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BW Businessworld

Remembering Aditya Birla

Sutanu Guru argues how the late Aditya Birla was a true pioneer of globalization Twenty years ago on this day, the then 28 year old Kumar Manglam Birla confronted both tragedy and challenge. His father Aditya Birla passed away at a very early age of 52 in the United States after a brief and valiant fight with cancer.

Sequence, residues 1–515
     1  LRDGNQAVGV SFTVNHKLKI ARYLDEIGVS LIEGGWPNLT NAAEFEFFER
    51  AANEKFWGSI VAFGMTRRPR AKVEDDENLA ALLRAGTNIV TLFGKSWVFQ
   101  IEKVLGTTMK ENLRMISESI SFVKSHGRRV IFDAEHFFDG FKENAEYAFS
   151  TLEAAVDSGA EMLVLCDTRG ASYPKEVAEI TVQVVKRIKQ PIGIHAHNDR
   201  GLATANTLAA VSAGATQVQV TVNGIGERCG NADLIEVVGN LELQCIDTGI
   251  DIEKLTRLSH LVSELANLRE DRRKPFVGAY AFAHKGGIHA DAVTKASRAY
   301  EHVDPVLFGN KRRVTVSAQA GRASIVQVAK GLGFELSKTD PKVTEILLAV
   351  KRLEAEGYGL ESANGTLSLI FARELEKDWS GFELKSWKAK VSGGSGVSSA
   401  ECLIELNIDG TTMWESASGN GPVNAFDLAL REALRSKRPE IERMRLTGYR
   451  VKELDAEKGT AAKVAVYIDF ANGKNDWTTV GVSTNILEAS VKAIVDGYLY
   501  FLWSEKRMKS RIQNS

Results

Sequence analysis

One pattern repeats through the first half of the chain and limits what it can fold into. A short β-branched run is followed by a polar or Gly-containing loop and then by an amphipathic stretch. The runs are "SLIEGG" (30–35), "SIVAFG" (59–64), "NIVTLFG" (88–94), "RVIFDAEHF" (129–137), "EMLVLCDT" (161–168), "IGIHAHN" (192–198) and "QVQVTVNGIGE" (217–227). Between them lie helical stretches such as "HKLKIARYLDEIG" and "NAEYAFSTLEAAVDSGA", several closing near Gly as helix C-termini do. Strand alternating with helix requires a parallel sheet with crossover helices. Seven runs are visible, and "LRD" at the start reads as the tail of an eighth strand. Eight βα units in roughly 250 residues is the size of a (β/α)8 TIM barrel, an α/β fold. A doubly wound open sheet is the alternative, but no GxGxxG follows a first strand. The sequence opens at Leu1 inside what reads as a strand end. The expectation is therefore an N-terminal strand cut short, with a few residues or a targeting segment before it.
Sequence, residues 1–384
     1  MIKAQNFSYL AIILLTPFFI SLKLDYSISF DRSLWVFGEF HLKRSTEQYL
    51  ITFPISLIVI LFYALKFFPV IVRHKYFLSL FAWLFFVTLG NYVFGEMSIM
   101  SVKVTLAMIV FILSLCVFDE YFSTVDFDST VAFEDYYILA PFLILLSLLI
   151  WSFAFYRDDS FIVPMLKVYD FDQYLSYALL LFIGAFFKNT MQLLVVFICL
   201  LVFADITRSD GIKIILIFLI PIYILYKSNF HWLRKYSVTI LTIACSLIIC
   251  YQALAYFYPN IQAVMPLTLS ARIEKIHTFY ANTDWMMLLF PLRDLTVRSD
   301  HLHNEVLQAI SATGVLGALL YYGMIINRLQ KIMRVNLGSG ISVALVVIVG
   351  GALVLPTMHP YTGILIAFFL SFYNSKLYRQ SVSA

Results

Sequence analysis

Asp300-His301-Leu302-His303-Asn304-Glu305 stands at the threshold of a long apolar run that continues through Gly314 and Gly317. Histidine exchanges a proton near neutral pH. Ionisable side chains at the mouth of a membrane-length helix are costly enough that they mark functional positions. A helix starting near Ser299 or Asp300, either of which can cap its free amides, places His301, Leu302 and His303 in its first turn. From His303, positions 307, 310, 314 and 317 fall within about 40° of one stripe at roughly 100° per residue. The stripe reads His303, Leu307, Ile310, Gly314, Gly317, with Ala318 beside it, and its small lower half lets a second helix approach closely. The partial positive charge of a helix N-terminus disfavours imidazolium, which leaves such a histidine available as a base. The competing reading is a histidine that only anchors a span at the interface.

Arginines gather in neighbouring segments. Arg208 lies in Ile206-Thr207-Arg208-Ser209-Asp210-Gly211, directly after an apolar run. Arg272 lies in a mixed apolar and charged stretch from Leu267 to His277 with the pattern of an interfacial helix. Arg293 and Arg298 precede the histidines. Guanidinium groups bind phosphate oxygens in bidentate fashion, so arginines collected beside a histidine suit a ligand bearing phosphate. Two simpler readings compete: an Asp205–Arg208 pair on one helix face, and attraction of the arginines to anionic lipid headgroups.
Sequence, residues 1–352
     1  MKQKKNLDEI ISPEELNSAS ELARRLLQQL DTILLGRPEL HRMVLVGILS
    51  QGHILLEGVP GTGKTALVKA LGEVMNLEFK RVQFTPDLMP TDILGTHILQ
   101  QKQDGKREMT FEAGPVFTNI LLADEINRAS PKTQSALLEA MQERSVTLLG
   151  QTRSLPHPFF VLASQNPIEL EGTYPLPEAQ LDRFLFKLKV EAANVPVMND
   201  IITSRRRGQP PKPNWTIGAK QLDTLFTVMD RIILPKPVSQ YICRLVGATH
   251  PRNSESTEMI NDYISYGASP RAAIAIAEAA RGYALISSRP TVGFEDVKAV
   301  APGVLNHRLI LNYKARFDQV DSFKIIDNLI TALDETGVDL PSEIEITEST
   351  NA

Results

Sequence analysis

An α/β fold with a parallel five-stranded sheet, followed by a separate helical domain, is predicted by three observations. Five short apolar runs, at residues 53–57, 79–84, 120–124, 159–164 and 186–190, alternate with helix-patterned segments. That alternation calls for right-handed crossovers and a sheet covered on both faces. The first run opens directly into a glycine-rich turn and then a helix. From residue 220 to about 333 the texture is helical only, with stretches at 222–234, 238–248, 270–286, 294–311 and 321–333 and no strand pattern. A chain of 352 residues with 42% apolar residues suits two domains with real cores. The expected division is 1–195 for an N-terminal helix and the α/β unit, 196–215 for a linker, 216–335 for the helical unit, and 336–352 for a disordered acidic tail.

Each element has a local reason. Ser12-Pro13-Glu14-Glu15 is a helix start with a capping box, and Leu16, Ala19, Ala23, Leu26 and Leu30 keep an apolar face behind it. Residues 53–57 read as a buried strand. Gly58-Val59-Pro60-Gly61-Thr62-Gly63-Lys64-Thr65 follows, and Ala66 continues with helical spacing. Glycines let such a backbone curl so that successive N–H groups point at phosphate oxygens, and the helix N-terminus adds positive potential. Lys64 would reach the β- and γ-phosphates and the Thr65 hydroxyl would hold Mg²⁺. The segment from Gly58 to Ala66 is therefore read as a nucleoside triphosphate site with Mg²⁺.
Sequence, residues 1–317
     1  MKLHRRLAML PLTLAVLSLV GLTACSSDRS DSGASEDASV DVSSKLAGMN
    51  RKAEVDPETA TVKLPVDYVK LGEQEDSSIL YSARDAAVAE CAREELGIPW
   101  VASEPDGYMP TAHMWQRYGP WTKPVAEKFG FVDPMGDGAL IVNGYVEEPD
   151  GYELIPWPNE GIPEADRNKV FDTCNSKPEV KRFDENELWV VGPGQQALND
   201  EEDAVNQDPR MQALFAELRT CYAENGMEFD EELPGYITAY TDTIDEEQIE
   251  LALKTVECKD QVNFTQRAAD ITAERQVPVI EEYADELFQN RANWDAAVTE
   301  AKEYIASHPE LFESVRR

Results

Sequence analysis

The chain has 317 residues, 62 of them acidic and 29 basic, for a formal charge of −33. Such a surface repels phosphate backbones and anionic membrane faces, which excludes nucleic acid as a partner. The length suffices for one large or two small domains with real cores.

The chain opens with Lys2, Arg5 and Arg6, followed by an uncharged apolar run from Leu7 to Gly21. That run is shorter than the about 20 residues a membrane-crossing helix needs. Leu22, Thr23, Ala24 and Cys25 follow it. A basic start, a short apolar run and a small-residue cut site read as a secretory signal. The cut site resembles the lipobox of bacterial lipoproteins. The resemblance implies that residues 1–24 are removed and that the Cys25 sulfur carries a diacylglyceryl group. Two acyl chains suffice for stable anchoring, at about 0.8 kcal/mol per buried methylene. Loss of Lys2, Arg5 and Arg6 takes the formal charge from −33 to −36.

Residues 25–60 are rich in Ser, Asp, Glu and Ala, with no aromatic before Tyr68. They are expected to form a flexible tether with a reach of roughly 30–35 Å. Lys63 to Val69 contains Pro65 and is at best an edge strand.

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On his shoulders fell the enormous responsibility of managing a sprawling industrial conglomerate that was struggling to cope with forces of global competition unleashed in India. Remember, this was 1995; Dr Manmohan Singh had presented his fifth and last Budget as Union Finance Minister and India Inc. was scared of the future. But not Aditya Birla. The author still remembers an exclusive interview with the late Mr Birla in April 1992 when the later had exuded optimism and confidence about the future of India Inc. Aditya Birla could be outspoken; and he had dismissed the fears expressed by many Indian tycoons about global competition as fear mongering. In his opinion, Indian entrepreneurs were very well equipped to handle, and even beat global competition. According to Aditya Birla in 1992, it would be Indian companies that would conquer overseas markets in the future. How prophetic he turned out to be. Within years of his untimely death, Indian companies had actually started acquiring corporate assets in overseas markets. By the time the 21st century trundled along, India Inc. had emerged as a truly formidable global presence. Aditya Birla was a truly unique "tycoon" of his generation. The grandson of the legendary G.D. Birla had entered the family business way back in 1967. In the years immediately after that, Prime Minister Indira Gandhi transformed India into a hard socialist where it was considered to be a deadly sin to be a businessman and to be rich. Every possible control that could be imposed on the private sector was imposed. In this stifling era, Indian industrialists had no choice but to come to "Delhi" with folded hands (and often with suitcases stashed with cash) to seek myriad licenses and permission. Foreign exchange laws were made so stringent that you could be sent to prison for taking more than $ 500 for an overseas trip. It is this stifling era that Aditya Birla took his group global. Deprived of opportunities to expand and grow at home, Aditya Birla initiated steps that led to opening of manufacturing facilities and business operations in countries like Philippines, Thailand, Indonesia and Egypt. It was virtually unheard of for an Indian industrialist to launch factories and new businesses in overseas destinations. In that sense, Birla was unique, and a true pioneer. Perhaps the only other "industrialist" of that generation who shared a global vision with Aditya Birla was Dr Parvinder Singh who had transformed Ranbaxy Laboratories into a truly global company (with close to 50% of revenue coming from overseas markets) by the late 1990s. It is indeed a tragic coincidence that, like Aditya Birla, Dr Singh to succumbed to cancer and died young.